Fruitcake, to be precise. Who likes it?
Well, I do. I love fruitcake and I’m not ashamed to admit it. The holiday season wouldn’t be complete without a slice or two of the dark, moist, fragrant confection.
The best fruitcakes are baked early to allow flavours to develop and intensify. I start mine at least a month before Christmas.
Firstly, dried fruits are dumped in a bowl and doused with a glug or two of booze. Some use rum. Some use brandy. I use whisky. Canadian Club Rye Whisky to be precise.
Tasting of the fruit at this stage is mandatory. <grin>
After allowing the fruit to soak up the booze for at least twelve hours (I give it an entire day [more time to taste test the fruit]) it’s stirred into a batter rich with butter, eggs and sugar. Also those warm spices that scream holiday baking – nutmeg, cinnamon, cloves, ginger, and allspice.
The batter is plunked in a lined baking pan and baked at a low temperature for hours. 285 degrees Fahrenheit for four hours to be precise. The house smells divine. It smells like the holidays of my childhood.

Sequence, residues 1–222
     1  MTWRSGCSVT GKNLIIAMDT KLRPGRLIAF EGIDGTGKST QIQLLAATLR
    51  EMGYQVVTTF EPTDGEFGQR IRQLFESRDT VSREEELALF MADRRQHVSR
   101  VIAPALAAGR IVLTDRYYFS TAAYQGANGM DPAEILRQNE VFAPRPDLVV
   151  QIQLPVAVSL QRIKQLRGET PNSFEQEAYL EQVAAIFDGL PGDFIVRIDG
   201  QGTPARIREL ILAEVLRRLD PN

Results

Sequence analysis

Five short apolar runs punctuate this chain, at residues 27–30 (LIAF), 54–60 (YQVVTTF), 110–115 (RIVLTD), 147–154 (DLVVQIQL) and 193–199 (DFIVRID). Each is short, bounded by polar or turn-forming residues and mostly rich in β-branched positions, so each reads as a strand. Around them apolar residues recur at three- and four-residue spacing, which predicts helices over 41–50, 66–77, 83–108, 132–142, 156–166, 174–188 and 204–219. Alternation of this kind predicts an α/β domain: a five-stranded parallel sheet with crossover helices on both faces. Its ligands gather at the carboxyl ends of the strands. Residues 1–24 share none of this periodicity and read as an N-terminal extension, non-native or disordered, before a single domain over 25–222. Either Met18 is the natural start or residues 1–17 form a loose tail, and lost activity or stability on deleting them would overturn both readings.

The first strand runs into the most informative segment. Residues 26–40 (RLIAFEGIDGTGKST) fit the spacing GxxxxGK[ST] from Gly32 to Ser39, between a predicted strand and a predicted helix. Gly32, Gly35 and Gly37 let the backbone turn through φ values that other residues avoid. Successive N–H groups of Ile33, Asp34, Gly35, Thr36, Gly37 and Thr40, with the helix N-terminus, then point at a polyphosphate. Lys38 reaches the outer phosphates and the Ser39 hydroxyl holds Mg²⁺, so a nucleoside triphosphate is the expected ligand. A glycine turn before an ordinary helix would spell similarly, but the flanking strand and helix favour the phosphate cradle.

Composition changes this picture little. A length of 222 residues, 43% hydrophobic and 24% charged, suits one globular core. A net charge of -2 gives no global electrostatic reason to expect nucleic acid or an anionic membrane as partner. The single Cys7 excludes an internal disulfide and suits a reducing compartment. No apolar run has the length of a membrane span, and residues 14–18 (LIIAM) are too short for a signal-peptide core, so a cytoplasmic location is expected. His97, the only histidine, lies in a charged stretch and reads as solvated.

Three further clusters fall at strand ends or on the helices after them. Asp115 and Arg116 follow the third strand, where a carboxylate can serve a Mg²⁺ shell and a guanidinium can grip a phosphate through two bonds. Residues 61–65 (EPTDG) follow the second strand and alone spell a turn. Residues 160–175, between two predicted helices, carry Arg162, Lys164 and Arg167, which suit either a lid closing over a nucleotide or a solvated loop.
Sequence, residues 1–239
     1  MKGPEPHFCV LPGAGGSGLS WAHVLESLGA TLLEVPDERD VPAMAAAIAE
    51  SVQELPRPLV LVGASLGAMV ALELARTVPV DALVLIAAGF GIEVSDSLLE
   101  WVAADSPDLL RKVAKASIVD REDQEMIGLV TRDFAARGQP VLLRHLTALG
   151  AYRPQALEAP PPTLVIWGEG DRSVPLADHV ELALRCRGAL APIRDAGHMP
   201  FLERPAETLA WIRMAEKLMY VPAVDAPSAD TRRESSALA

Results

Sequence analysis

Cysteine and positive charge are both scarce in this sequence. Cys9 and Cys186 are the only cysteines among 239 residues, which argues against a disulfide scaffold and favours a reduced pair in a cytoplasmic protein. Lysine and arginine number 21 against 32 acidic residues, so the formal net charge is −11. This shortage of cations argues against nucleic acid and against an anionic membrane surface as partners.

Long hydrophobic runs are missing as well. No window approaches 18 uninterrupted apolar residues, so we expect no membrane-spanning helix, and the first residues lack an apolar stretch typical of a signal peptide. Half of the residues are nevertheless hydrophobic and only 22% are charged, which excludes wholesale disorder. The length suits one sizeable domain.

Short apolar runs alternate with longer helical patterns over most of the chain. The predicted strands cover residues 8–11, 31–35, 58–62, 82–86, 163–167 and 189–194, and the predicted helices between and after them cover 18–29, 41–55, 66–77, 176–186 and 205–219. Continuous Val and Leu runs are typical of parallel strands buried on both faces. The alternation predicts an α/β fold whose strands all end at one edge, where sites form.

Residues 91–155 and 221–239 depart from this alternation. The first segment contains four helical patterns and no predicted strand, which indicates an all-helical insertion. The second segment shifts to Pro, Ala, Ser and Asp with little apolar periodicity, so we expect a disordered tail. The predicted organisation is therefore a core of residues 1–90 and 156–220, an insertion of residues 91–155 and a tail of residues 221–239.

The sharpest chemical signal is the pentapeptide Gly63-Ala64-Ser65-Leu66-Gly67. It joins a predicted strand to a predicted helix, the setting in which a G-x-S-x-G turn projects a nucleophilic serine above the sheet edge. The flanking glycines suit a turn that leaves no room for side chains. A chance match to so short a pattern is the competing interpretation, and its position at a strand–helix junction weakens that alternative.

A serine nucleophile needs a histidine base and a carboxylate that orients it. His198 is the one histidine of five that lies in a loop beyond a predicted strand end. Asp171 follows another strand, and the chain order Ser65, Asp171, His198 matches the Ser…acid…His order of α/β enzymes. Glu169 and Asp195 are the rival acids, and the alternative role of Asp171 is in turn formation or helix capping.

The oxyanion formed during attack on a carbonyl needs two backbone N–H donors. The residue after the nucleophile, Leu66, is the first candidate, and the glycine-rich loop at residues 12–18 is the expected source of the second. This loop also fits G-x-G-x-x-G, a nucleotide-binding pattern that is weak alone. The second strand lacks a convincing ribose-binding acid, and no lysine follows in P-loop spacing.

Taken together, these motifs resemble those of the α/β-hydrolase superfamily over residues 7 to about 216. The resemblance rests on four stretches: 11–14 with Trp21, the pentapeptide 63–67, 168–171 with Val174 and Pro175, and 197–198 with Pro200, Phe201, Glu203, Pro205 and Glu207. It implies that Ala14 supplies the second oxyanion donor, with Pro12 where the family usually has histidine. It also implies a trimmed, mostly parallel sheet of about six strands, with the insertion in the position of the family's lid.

Then the cake needs to cool completely. Given its density, that takes a couple hours.
To help keep the cake moist, and to aid in its longevity, the cake is “fed” with additional booze, whisky in this case, at regular intervals. I feed mine weekly by sprinkling a few tablespoons of whisky over the top of the cake before tightly re-wrapping it in parchment paper and tin foil. Normally I’d store the cake in a large cake tin but IT’S STILL IN STORAGE!
Perhaps it’s time for another cake feeding. And I might just have a tipple, too.
Do you like fruitcake? Have you tried a homemade version that’s nicely steeped in spirits?
P.S. Happy Thanksgiving tomorrow to all my American friends and relations!
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